If you ever sailed along the great river Irrawaddy, the largest and longest river in Myanmar, you would notice one thing. Life is almost as it was sixty years ago. Old wooden ships still run along the river as it was before the World War II. Workers carry rice sacks over their shoulders, loading and unloading ships docked at the piers. Naked children swim in the muddy river while their mothers bath on the river bank; the same thing that their mothers and grand mothers might have done a century ago. Meanwhile, their fathers row small boats, catching fish along the river. Life was no different from sixty years ago for them.
Irrawaddy, being the longest river in Myanmar, runs through the heart of the country. As most of Burma’s ancient cities were built along the river, it was always the life line of the country for more than a thousand years. Although. with the development of modern land transportation, its importance has declined in recent years, Irrawaddy still plays an important role in modern Myanmar (Burma). Thousands of people, if not millions, still depend on the river for their living. Thousands of acres of farms use water from Irrawaddy for firming while people living in cities and towns along the river use its water for domestic use as well as for drinking. And it still plays a major role in transportation of goods among many cities and towns.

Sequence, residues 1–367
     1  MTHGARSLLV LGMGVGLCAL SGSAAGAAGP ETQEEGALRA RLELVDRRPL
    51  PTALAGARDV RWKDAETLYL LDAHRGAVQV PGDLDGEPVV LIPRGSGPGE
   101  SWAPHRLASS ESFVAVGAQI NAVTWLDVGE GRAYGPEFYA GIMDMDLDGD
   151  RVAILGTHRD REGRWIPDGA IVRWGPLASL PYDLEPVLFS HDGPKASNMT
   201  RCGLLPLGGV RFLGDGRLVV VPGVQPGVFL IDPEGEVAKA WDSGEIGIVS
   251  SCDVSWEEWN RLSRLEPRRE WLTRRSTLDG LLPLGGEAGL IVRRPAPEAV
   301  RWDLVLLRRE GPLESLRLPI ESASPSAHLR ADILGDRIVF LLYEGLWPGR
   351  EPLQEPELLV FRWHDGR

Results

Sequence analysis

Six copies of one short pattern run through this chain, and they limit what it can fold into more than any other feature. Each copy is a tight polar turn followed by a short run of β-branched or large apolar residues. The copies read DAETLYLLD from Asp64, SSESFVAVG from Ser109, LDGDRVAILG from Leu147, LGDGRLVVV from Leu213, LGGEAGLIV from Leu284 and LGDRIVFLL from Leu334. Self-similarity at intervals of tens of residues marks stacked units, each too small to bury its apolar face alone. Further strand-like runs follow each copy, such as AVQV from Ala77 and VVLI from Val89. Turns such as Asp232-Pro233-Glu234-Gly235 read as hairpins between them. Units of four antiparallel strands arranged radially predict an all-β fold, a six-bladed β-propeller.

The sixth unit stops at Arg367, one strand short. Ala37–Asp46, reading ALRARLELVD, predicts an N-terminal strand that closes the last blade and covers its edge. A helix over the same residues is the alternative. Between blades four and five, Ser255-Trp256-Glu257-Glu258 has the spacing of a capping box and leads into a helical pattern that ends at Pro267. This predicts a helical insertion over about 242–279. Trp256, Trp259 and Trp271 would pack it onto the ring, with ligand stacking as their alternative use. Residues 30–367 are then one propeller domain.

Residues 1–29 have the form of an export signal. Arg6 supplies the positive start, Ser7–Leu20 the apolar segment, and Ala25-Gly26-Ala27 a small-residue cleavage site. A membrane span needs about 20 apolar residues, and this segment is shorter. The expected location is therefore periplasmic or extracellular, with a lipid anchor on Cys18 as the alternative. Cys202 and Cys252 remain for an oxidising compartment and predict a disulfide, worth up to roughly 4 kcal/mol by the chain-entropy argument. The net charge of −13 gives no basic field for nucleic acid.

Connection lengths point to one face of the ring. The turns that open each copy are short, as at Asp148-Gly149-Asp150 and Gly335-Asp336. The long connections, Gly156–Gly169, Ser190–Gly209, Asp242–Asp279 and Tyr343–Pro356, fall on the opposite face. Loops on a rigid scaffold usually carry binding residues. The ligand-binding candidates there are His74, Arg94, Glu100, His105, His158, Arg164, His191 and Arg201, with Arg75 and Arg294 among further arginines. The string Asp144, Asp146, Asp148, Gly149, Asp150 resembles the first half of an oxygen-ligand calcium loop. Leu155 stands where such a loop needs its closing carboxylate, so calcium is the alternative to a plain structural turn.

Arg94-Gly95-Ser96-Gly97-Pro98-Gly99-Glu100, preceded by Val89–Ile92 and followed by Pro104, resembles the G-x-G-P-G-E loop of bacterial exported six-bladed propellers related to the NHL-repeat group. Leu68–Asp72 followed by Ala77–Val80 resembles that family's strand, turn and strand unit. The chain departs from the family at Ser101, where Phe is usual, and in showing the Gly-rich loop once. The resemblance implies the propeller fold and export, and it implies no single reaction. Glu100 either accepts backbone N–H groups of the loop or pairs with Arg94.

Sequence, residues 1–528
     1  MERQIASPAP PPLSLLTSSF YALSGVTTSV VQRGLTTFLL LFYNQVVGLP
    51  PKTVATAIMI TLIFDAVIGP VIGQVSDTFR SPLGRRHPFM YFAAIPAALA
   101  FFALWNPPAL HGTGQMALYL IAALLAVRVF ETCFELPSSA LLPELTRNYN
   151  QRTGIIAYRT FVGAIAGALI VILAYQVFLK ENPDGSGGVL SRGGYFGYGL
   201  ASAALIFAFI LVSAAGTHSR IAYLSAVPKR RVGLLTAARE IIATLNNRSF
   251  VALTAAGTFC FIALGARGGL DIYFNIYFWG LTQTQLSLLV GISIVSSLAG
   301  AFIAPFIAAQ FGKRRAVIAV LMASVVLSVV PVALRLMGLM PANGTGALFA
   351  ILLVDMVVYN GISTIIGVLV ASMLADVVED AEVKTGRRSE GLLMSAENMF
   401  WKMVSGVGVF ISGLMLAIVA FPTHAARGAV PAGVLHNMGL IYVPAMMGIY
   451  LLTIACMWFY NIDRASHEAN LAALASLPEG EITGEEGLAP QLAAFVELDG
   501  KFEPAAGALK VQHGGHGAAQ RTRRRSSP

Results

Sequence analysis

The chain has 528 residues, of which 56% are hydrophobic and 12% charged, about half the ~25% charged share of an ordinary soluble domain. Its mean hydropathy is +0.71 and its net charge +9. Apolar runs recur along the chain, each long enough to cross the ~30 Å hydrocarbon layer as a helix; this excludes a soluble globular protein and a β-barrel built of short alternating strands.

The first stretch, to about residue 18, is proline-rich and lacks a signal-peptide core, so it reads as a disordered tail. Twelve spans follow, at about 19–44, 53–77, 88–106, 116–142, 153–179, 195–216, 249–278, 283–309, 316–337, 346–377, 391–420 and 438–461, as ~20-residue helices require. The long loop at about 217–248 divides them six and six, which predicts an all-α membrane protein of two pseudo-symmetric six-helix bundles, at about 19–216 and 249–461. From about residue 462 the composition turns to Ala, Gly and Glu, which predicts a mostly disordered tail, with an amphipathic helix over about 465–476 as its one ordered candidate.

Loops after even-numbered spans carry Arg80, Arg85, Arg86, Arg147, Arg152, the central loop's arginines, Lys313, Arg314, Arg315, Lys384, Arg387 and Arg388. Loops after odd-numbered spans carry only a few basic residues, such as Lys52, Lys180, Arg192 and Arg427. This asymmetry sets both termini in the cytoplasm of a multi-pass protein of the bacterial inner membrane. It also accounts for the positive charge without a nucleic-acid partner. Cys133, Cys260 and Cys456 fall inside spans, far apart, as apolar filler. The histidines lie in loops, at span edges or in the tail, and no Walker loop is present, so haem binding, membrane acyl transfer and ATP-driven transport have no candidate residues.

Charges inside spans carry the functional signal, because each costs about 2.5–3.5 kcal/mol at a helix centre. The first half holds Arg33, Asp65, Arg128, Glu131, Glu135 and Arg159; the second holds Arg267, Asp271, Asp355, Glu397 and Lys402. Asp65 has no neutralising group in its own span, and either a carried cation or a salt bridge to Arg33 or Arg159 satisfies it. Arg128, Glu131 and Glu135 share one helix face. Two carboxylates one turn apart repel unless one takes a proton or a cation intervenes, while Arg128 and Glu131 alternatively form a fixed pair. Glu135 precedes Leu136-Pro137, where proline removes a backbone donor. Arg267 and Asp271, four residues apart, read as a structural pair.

I have crossed Irrawaddy many times in a small boat. Every time I crossed, I was fascinated at the vastness and richness of the river. It gave me plenty of opportunity to observe life along the river. While I am writing this article, I believe somewhere along the river Irrawaddy, a child is swimming in the muddy river, completely unaware of the modern marvels that so many of us are enjoying. For those children, life is the same as it was in the time of their fathers, and their grand fathers.